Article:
A perfect example is my mother’s brownie recipe.  This is a keeper of a recipe; very easy and one most people love.

For my gluten-free friends I substitute Gluten Free All Purpose Flour and make sure the chocolate and baking powder is also gluten-free.  For Passover, I substitute Passover Cake Meal



My Mom’s Brownie Recipe

1/2 cup butter

1 cup of sugar (sometimes I use a little less)

1/2 cup of flour (substitute for gluten allergy)

2 eggs

1/2 tsp baking powder (make sure is gluten-free when substituting)

1 cup of semi sweet bits (Nestle semi sweet bits are gluten-free)

1 tsp vanilla

Melt butter and chocolate bits (I do it in the microwave).

Beat eggs and sugar well.

Add melted chocolate to eggs and sugar mixture.  Beat well.

Add flour and powder (mixed together) Add vanilla.

Do not mix too much after adding flour.

Pour in greased 8×8 pan. Bake at 350 for 2o to 25 minutes. Check to see if tester comes out clean.  Let cool.  Cut into squares and wrap in groups of 4 or 5 brownies in aluminum foil to set and store.


For my friend allergic to garlic. I leave garlic out of the recipe. Believe it or not, most people won’t notice the difference unless it is something garlic intensive. I just make sure I check the back of the package of other ingredients I use to make sure there is no garlic.


For my husband, I get creative and substitute zucchini for pasta.

My quick Zucchini Pasta Recipe

Thinly slice 2 zucchini or use a vegetable spiralizer. I bought mine at William Sonoma.


Put zucchini in colander and salt and drain liquid for 30 minutes. Rinse off salt and squeeze excess water out – or use paper towels to remove liquid.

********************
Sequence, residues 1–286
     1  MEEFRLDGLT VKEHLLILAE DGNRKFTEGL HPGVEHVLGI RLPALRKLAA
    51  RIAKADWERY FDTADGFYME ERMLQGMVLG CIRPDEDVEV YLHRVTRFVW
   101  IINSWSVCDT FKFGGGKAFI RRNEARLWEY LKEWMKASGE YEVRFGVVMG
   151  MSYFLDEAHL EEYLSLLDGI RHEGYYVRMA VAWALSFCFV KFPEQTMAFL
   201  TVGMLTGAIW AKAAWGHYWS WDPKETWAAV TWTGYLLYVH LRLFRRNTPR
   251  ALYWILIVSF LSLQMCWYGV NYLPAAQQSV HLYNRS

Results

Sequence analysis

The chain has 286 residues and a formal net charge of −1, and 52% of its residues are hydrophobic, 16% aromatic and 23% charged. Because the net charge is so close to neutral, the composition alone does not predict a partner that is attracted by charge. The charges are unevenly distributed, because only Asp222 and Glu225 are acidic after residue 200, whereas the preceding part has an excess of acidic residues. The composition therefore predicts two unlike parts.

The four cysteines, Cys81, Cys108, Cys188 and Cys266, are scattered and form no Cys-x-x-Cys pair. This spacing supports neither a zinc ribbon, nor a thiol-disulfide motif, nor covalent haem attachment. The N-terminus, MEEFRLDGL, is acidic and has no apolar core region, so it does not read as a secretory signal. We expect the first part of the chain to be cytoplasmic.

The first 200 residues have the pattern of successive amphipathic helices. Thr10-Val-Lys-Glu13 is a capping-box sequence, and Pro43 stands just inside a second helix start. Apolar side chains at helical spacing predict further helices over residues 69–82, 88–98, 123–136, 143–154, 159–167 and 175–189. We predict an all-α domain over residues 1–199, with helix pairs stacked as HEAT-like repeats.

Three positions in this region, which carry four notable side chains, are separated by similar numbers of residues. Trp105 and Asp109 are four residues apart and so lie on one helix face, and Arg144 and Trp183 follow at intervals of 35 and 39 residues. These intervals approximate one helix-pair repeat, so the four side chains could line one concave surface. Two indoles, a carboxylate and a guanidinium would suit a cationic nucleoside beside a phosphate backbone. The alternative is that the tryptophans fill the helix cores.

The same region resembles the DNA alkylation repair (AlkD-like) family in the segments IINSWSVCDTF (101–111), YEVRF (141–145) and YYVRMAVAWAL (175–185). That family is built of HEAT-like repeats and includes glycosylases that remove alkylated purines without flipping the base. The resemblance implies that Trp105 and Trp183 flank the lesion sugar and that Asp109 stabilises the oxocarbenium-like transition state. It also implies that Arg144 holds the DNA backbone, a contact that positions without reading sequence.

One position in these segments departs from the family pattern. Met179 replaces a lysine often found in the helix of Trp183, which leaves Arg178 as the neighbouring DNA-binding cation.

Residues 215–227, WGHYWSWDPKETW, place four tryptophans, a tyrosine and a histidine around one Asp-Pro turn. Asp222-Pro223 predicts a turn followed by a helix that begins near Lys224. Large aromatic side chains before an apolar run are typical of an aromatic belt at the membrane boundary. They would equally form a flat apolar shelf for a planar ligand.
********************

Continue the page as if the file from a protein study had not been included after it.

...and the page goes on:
Sauté zucchini in 1 tablespoon of olive oil for about 3-5 minutes until cooked but not mushy. Add ingredients of your choice. I add chopped roasted red peppers and olives. Add 1/2 cup of your favorite jar of tomato sauce. More or less sauce to taste. Top with grated cheese and/or a dollop of ricotta cheese.


I guess I could easily throw up my hands. That would be the easy way out.

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About Shari

I am a two-time cancer survivor and patient advocate. Diagnosed as a young adult, at age 25 with Hodgkin’s Lymphoma, I had to quickly face the reality of life’s curveballs. My treatment offered a potential cure while at the same time, underestimated the long term side effects including a secondary cancer (breast cancer) nine years later. Shortly after my breast cancer treatment ended, my youthful, seemingly healthy mother was diagnosed with Stage 4 lung cancer and passed a year later. I have lived the cancer experience as a patient and a family member/ caregiver and understand both sides. Life after treatment is often challenging emotionally and physically and there is a gap in providing needed support. I don’t consider cancer a gift as it is not something I would ever want to give to someone. Rather, I view cancer as an opportunity; one I received at an early point in my life to live intentionally, understanding how things can change at any moment. I live without regrets, fully understanding the gift and fragility of life.
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2 Responses to Food Flexibility

  1. leannegfs says:

    I applaud your willingness to be flexible! I am less so. I accommodate allergies (e.g. lactose intolerance, anaphylaxis), illness (e.g. celiac) and vegetarians – THAT’S IT! I get around it by usually having a buffet when I entertain, or simply don’t invite finicky, picky people.


  2. Shari says:

    You make a good point. I am flexible but not to the point where I am jumping through hoops for sure. Like your idea about buffet style. I am extra careful with food allergies but in terms of likes and dislikes I can’t make everyone happy all the time. There is a balancing act.